11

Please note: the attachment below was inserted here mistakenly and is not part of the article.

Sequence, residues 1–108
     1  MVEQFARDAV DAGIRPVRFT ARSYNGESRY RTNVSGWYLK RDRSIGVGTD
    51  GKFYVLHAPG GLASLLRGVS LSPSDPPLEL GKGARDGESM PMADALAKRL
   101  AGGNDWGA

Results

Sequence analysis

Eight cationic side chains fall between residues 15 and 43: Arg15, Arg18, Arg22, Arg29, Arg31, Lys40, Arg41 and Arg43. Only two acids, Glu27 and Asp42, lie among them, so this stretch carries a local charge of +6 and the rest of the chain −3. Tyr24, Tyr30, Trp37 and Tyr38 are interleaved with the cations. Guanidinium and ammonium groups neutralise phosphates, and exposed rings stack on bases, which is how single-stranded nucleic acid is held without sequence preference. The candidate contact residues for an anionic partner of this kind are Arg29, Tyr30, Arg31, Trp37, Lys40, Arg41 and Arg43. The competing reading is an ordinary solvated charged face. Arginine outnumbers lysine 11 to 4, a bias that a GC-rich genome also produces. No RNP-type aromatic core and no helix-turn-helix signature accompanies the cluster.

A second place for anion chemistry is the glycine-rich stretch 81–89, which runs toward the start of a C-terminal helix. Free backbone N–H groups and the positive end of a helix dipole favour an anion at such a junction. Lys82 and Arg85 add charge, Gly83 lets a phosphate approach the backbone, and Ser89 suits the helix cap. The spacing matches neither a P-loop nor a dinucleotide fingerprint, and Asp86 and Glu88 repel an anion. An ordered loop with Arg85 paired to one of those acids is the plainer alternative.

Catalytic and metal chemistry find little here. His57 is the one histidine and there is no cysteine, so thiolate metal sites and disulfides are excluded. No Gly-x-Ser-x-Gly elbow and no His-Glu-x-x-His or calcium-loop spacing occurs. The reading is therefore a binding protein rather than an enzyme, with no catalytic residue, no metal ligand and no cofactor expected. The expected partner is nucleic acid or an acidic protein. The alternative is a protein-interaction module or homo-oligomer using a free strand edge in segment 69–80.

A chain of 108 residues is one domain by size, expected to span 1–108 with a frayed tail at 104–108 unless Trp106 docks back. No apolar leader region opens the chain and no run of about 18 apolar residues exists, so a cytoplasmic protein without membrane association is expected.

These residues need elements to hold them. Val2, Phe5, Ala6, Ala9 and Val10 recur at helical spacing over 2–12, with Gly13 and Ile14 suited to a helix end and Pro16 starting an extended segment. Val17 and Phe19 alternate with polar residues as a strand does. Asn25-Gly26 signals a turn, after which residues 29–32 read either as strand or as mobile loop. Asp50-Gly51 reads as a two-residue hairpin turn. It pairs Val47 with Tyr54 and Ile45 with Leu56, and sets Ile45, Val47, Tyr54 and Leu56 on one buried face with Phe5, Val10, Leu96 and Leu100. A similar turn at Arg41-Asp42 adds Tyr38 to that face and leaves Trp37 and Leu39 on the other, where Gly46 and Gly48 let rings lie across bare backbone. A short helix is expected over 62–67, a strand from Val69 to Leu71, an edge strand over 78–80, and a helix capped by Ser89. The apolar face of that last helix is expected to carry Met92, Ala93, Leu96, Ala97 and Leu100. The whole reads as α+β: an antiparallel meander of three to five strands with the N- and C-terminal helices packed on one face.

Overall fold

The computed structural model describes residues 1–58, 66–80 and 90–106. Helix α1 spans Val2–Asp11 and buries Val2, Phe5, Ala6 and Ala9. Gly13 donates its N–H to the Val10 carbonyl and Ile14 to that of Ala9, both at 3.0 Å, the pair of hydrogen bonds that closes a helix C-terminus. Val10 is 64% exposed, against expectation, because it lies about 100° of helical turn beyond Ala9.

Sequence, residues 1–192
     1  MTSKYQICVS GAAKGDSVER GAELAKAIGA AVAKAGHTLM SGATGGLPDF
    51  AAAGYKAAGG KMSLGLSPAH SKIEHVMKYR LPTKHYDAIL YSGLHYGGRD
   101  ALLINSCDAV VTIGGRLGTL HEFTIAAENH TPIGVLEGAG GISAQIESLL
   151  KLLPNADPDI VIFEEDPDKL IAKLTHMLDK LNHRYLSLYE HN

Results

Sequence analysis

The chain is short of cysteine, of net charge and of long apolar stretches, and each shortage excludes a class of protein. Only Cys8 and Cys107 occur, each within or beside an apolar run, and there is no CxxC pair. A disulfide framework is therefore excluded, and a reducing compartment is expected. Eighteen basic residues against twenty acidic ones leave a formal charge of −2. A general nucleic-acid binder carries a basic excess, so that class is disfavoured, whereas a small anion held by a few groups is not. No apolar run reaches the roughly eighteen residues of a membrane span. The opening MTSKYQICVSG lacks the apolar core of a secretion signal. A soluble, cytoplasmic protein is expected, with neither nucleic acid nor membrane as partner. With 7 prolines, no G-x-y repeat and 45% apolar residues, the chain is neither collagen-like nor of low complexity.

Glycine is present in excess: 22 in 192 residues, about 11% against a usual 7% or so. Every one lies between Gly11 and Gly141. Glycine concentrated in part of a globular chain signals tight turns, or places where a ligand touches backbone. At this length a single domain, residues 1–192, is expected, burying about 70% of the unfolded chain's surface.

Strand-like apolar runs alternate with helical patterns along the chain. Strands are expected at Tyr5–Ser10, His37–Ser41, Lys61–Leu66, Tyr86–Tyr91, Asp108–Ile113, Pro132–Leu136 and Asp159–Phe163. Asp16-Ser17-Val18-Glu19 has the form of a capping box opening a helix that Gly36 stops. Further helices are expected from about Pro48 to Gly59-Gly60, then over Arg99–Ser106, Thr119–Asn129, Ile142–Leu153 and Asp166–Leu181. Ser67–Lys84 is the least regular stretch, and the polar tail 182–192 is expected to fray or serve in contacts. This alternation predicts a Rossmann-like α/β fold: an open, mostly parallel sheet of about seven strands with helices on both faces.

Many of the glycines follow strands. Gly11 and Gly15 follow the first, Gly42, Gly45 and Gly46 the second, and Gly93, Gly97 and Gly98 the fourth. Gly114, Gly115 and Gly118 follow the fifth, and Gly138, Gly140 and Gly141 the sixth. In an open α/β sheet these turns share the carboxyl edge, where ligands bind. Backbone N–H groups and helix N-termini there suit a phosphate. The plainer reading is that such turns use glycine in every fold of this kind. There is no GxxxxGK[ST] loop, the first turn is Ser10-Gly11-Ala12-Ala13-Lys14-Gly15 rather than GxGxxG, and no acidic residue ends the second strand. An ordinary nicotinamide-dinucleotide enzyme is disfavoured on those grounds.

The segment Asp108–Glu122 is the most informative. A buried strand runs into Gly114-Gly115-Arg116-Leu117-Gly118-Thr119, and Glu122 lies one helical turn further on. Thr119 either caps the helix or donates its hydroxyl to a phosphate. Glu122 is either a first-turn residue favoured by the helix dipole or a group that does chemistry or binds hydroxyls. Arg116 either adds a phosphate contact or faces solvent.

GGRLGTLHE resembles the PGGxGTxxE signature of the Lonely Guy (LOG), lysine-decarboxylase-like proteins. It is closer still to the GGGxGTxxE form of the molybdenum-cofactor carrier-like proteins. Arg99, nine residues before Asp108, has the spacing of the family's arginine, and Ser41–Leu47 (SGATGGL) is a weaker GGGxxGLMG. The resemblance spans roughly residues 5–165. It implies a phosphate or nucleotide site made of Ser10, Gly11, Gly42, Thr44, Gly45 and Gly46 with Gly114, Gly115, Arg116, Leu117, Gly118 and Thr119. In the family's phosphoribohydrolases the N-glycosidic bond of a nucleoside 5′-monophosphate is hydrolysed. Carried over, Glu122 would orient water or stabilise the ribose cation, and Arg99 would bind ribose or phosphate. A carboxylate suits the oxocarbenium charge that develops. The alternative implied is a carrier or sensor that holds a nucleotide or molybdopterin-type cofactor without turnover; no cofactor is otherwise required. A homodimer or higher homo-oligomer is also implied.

32 peals has seriously erred in failing to give full effect to Exemption 7(F)’s manifest purpose to protect against danger to human life and safety. And this error may have grave consequences. FOIA allows “any person” to request agency records and to bring an action to compel disclosure if the request is denied. 5 U.S.C. 552(a)(3) and (4)(B). As a result, the court of appeals’ decision would enable any member of the public in the Second Circuit to obtain records that pose a danger to human life and safety whenever potential victims cannot be identified with what a court deems sufficient specificity. The potential dangers of this decision sweep widely. More acutely, the court of appeals’ approach poses a significant risk of harm in this very case, to persons who already are confronting danger on a daily basis. In the judgment of the President and the Nation’s highestranking military officers, disclosure of the photographs at issue here would pose a substantial risk to the lives and physical safety of United States and allied military and civilian personnel in Iraq and Afghanistan. See pp. 3-4, 7-8, 12-14, supra.12 And it would do so at a particularly fragile time, when conditions in Iraq and Afghanistan are in transition and flux. Before those risks are borne by service members and other in harm’s way, this Court should grant review of the court of appeals’ decision.